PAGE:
Friday, February 19, 2010

Can Auschwitz be saved?

This January 27 marked the 65th anniversary of Auschwitz’s liberation by Soviet soldiers.

It is today a museum and a memorial.
The February issue article in the Smithsonian about restoring Auschwitz made me think about its value, or about its purpose today. It is a Unesco World Heritage site, a distinction usually reserved for places of culture and beauty.
I have always felt a curious interest in the WWII era, perhaps because my grandmother and her generation were directly "connected" to it. They were IN it, they experienced the war and all that it brought along as opposed to me and my generation who are "merely" reading about it (not that I would want to experience it myself). I find that mind blowing. Reading about it always creates a certain distance between the reader and the actual experience. It is as if it wasn't real. But, our grandmothers showed us their ragged hands, their wrinkly faces, their hurt souls; they told us their cruel childhood stories and showed us the tiredness in their eyes, the hurt, the pain. That "distance" becomes smaller. Nowadays, monuments, museums, personal stories written down in books and photographs documenting the horrors committed then remind us that it was very real.

To go a step further, it is a fact that the winners write history. What we read, or at least, what we used to read or learn about history is thus altered - it is shown to us from ONE perspective and IT is not objective. In the last few decades, this has started to change. The history is written by both sides. In connection to the WWII, particularly the holocaust, new stories have sprung up, photographs have been found, documents have been dug up. The holocaust story is becoming more and more detailed.

In 2009, I saw many new documentaries about the holocaust. The perspective about it has changed over the years, the history has been rewritten. I mean, as it was considered then, it is still considered the largest mass murder in human history.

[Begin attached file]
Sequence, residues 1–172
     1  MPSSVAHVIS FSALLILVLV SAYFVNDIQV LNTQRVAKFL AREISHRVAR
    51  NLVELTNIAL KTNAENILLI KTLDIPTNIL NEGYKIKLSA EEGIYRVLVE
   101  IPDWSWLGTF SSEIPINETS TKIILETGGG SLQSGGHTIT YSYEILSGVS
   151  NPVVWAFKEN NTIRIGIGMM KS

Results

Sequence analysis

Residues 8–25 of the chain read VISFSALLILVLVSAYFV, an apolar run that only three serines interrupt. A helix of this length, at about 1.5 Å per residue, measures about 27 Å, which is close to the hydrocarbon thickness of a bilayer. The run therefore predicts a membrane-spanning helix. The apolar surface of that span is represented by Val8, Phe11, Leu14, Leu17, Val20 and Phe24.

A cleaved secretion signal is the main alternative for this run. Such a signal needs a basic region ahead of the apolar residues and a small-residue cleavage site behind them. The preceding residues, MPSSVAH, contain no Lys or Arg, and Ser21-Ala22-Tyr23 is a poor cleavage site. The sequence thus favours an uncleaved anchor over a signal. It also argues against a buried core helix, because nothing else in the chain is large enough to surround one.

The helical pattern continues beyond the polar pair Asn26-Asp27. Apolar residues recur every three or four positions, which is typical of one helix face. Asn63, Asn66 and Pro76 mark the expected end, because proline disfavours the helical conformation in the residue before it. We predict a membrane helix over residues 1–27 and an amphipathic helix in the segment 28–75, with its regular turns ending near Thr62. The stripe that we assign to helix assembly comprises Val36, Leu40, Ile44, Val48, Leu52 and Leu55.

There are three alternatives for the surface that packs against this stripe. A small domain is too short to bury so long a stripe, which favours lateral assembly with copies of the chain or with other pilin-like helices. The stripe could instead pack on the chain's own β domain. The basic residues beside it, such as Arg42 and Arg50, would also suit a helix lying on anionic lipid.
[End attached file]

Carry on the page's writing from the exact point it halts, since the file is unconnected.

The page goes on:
It is not possible to write about the holocaust in technical terms, so I shall not. It is emotionally too overwhelming and no (negative) superlative seems strong enough to describe the holocaust.

Anyway, to come back to the question which is also hinted at in the above mentioned article, I think the question could be, not could we save it, but Should we save it? One reason for not saving it, as Robert Jan van Pelt, a cultural historian in the school of architecture at the University of Waterloo in Ontario, Canada puts it is that Auschwitz is a “kind of theme park, cleaned up for tourists...Seal it up. Don’t give people a sense that they can imitate the experience and walk in the steps of the people who were there." But then again, masses of people see it every year and the very presence of the ghosts there affects them.

I hope Auschwitz (Poland) gets funds from other countries for preservation. I believe, and strongly, that it should be preserved. Absolutely save Auschwitz. But, as a "DENK MAL NACH", as a CONSTANT reminder of what beasts human beings can become/or are, as a nagging finger at the evils of humankind, as a preventive to evil. It should be saved as a sacred memorial.

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